Syndicate – Syndicate (2011)

Posted: July 11, 2011 in Music

It’s been a long time since Australia had much of an impact on the modern rock scene here in the U.S. In fact, the only blip on the radar since the days of AC/DC, INXS and Men at Work was Wolfmother – and they seem to be missing in action the last couple of years.

My spidey-sense tells me that’s all about to change. You see, while scouring the internet for scene-related news and information, I stumbled across a little-known band out of Sydney called Syndicate – and after doing a fair amount of homework (including shelling out a few ducats for their self-titled debut), it’s apparent that we are on the back end of the calm that will soon become the storm.

I can’t give you a ton of history on these lads. There really isn’t much. But after listening to the album, I can promise you the history books are about to get a new chapter in the melodic rock section. Step aside, NickelbackSyndicate is coming through.

If you’re going to fire your cannon into the rock scene, you might as well load it with as much gunpowder as possible, and that’s exactly what Syndicate did. The band itself doesn’t have a household name in the lineup, but the production team and guest musicians on this album are loaded with ammunition.

Production assistance came in the form of Jeff Blue (Linkin Park, Limp Bizkit), Brandon Friesen (Nickelback) and Scott Humphrey (Metallica) and the album was tracked in both Matt Sorum’s (Guns n’ Roses) and Tommy Lee’s (Motley Crue) personal studios. If that’s not enough “cred”, the band also had songwriter Dianne Warren on board, who has written hit songs for everyone from Meatloaf to Bon Jovi, Celine Dion and others.

Additional firepower was added from guest musicians Matt Sorum, Brent Fitz (Slash), Rowan Robertson (Dio) and Gil Sharone (former drummer for Dillinger Escape Plan and Otep). Obviously, this wasn’t going to be a quiet, independent release. The album debuted at #4 on the Australian Album Charts after its July 1st release on Sony Records, and while it hasn’t made much noise here stateside, it’s going to. I guarantee it.

A pretty tough guarantee – I know. We’ve been mired in mediocre rock for a long time here, and honestly I was ready to throw these guys in with the ever-growing collection of Creed wannabes and subpar releases of late (you listening 3 Doors Down?) – but much to my surprise, this album elevates itself to a level I haven’t heard in a very, very long time.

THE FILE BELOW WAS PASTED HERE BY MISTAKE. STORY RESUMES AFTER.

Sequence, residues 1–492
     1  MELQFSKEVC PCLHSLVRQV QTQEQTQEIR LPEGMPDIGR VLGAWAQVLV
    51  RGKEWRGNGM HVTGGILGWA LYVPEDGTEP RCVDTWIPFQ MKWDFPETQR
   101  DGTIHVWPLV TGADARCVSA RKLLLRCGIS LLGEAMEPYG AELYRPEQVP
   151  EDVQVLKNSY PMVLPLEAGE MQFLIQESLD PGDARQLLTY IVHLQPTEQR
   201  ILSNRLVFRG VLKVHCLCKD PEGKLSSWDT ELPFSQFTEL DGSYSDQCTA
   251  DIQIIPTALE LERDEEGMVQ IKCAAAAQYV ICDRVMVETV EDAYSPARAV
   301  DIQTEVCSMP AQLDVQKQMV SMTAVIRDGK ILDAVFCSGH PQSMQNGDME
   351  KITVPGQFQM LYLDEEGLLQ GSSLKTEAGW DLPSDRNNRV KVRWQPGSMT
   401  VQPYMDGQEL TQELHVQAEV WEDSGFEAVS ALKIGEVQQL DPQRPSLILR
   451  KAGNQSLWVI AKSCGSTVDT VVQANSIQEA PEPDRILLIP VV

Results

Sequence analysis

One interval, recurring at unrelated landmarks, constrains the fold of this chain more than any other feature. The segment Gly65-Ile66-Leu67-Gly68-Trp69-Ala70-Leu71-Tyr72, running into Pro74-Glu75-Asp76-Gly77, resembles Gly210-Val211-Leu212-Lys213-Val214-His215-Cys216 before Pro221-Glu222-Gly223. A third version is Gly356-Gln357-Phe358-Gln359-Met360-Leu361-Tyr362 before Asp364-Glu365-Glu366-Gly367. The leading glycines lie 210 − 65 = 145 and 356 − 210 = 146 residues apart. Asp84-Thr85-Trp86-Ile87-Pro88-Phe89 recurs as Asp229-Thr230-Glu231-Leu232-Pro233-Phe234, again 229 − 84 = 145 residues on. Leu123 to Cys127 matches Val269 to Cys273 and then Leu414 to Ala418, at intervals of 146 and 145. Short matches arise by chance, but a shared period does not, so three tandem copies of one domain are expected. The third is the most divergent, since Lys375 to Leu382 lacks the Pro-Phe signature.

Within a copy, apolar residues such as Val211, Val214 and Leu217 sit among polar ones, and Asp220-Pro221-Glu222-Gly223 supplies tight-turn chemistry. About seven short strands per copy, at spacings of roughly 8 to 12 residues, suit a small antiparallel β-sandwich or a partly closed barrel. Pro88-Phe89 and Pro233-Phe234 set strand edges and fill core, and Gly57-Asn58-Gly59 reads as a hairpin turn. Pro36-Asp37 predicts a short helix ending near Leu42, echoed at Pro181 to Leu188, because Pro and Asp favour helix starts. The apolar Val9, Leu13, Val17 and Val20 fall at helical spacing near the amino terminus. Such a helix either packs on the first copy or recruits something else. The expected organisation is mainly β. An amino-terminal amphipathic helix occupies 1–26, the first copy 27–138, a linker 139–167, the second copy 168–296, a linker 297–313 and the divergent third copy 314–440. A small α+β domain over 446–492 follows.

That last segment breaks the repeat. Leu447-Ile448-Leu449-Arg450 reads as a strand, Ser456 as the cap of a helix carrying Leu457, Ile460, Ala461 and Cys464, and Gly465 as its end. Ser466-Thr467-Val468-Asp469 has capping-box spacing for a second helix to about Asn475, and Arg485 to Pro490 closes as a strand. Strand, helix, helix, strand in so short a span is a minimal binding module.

For a debut, this record defies common sense. There is no way something this polished, genuine and – dare I say – perfect comes from a bunch of “newbies.” It sounds like the better effort of an established, veteran rock band – not a premiere release from a bunch of unheard-ofs. It has, inexplicably, the complete package. The perfect mix of rowdy rockers, alt-rock slow-me-downs, and beautiful ballads – all balanced equally and spread across the album in grand fashion.

You like to rock hard? Syndicate has no problem throwing down. The album opener “Pushing Me Away,” “My Mom Hates Me” (this author’s favorite track), “Long Way Down,” “Don’t Hate On Me,” and “Bring It On” are as hard as they are contagious – each one feeding off the high-energy buzz of the next.

Like it melodic? No problem there, either. “Shout” (which is destined for chart greatness,) “Holding On” (with smart lyrics and mesmerising vocals,) “All My Life” (which is also presented acoustically as the album closer,) and “Give You The World” (which Steven Tyler probably wishes he wrote) shine with the freshness that other rock bands seem to be striving for yet missing.

Need it down and dirty? Check out “Tightrope Walker,” which has all the swagger and attitude of Velvet Revolver without the primadonna back story and drug-induced bullshit.

There is even something for the true ballad lover. “Right In Front Of Me” and “Here We Go Again” carry the slow-dancing heaviness of the power ballad made popular in the hair-metal age, and “Falling Apart” is nothing short of just beautiful, with a piano/vocal combination that is eager, sensitive, and majestically written.

There’s no doubt in my mind that you could throw all of these songs into a hat and randomly pull out any one to send to rock radio. They are all that good. That said, though, there is one selection that – at least for me – stood at the top of this mountain of rock triumph, and that’s the track “My Confession.”

The blues/country intro almost sent me packing (I hate country), but the track quickly started its dedicated build into what might be one of modern rock’s best songs ever. Deep, personal lyrics combine with epic structure taking this track to unexpected heights. Lead singer Greg Ager really lets it all hang out here, and the band joins him in pushing the sound to the extreme. It’s poignant, powerful, and lovely and should give the band – and this release – the recognition it truly deserves.

Very few albums come around that are worth buying blind, based solely on my humble and often idiotic opinion – but this is one of them, without a doubt. If you need to wait a bit until the whisper becomes a scream, I’ll understand – but keep your earplugs handy. That scream is closer than you think…


Buy it at: iTunes

MySpace: Link | Official Band Site: Link

  1. remco says:

    Hi Randy nothing more then the truth brother i have know the boys from syndicate now for a few years and they are the real new deal true musicians and they can rock the roof of off your house keep on spreading there name in the U s of a they will soon be there to take it over
    watch out America there will be a Australian invasion.

  2. rick benson says:

    Pay close attention to the drums of Jason Russo.Not only a clockwork precise powerhouse, he ha sensitivity and finesse as well. This is a ROCK DRUMMER we will be hearing a lot about in future!

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